DIYARBAKIR, Turkey – If Turkish prosecutors have their way, Hebun Akkaya, a timid 16-year-old with a hesitant manner, could spend seven years in jail for having joined a demonstration a year ago in Diyarbakir, the largest city in Turkey’s predominantly Kurdish southeast.
Akkaya has already spent 10 months in jail awaiting trial, although he was recently released on bail pending an appeal.
His crime? Protesting the prison conditions of Adbullah Ocalan, the jailed head of the Kurdish Workers’ Party (PKK).
While the European Union and the United States have designated the PKK a terrorist organization, they have a substantial support base in Diyarbakir and throughout the predominantly Kurdish southeast.
In the past few years — as part of its push for European Union membership — Turkey has updated its penal code to more closely reflect international standards. But in 2006, the country took a step backwards with an amendment to the country’s anti-terror law that made it possible to try minors between the ages of 15 and 18 when the crime is deemed to include terrorism.
Compounding the problem, that same year Turkey’s Supreme Court of Appeals ruled that anyone participating in demonstrations supported by an illegal organization should be charged with aiding or acting in the name of the organization — effectively banning most forms of protest in the pro-Kurdish southeast.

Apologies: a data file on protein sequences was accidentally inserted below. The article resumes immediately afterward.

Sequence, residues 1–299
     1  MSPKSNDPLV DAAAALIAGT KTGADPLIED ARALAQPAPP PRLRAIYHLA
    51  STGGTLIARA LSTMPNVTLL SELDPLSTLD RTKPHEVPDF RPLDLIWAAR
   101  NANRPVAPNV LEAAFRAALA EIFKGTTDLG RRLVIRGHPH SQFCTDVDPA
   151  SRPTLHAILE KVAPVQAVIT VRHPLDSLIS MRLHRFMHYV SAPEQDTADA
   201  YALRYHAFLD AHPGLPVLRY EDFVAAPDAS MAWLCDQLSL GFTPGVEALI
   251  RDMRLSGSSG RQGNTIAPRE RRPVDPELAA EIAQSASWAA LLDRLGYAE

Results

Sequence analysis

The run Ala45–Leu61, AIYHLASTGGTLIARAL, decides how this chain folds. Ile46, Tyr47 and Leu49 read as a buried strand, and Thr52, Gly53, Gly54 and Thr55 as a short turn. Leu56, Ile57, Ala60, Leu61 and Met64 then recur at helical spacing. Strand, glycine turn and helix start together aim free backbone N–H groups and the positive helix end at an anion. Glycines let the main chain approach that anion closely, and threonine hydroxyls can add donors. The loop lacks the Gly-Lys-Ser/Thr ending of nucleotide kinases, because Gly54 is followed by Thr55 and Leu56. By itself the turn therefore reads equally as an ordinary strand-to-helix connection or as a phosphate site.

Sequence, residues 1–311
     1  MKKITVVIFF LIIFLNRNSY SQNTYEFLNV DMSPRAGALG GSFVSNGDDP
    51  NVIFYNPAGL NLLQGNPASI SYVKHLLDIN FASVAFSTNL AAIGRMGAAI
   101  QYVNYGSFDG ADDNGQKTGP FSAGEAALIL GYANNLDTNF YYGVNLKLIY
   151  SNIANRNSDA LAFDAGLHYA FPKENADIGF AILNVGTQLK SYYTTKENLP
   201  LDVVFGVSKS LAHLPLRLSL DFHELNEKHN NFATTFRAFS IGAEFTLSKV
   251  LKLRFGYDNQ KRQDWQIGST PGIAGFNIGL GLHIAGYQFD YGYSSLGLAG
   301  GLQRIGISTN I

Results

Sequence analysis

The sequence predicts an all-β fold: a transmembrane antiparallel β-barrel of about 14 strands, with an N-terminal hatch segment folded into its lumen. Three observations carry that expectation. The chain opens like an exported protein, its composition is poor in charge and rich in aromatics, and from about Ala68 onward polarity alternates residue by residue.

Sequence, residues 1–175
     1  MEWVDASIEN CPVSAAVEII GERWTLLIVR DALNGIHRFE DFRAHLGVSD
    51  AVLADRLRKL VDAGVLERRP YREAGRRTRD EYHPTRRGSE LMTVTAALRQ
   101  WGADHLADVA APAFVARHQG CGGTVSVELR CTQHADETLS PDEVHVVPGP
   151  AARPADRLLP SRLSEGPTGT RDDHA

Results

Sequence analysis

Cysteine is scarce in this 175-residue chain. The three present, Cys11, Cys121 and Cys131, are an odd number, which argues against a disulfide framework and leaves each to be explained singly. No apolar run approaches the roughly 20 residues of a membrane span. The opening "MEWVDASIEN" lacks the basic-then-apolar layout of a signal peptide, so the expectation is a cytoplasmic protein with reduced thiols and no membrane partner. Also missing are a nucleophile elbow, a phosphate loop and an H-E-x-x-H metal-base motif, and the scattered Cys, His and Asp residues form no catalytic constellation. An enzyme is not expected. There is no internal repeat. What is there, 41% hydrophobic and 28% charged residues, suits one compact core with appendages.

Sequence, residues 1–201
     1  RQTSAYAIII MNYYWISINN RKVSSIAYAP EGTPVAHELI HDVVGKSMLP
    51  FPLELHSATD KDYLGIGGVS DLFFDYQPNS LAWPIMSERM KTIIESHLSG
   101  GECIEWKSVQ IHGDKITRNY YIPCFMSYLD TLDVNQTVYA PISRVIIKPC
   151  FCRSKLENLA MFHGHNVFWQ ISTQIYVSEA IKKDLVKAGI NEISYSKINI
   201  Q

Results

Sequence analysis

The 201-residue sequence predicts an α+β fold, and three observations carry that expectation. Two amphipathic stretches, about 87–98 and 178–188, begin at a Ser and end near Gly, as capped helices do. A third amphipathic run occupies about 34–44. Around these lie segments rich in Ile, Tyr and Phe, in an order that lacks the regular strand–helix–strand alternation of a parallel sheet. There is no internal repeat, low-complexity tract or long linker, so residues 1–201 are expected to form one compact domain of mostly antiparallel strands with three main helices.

Legal experts, meanwhile, argue that with these changes, the crucial balance between crime and punishment is lost.
“The problem here is that the law is far too widely drawn; there is no legal clarity,” explained Emma Sinclair-Webb, Turkey researcher for the New York-based watchdog group Human Rights Watch.
“These children are protesting, exercising their right to freedom of assembly and expression, and they are being punished as criminals for doing so.”
According to Turkish officials, 1,572 minors were prosecuted under the anti-terror law and 174 of them were convicted during 2006 and 2007. Since then hundreds more court cases have been launched, including Akkaya's.
The 1989 U.N. Convention on the Rights of the Child, which Turkey is a signatory to, deals with just this issue. According to the convention: “The arrest, detention, or imprisonment of a child shall be in conformity with the law and shall be used only as a measure of last resort and for the shortest appropriate period of time.”
Under the new laws, however, these children are subject to a court system that neither sees nor treats them as children. It is not unusual, in a region that lacks juvenile justice facilities, for young children to have their cases heard by an adult court, or to be kept in adult prison facilities.
“You have to ask yourself whether or not these are appropriate sanctions. To me they seem to be extremely punitive. Yes, there should be a punishment for throwing stones. But shouting slogans? Holding up signs? Counting these things as terrorism is a serious problem,” Sinclair-Webb argues.
“If you are trying to win the hearts and minds and get people not to join the PKK, this is not the way to do it.”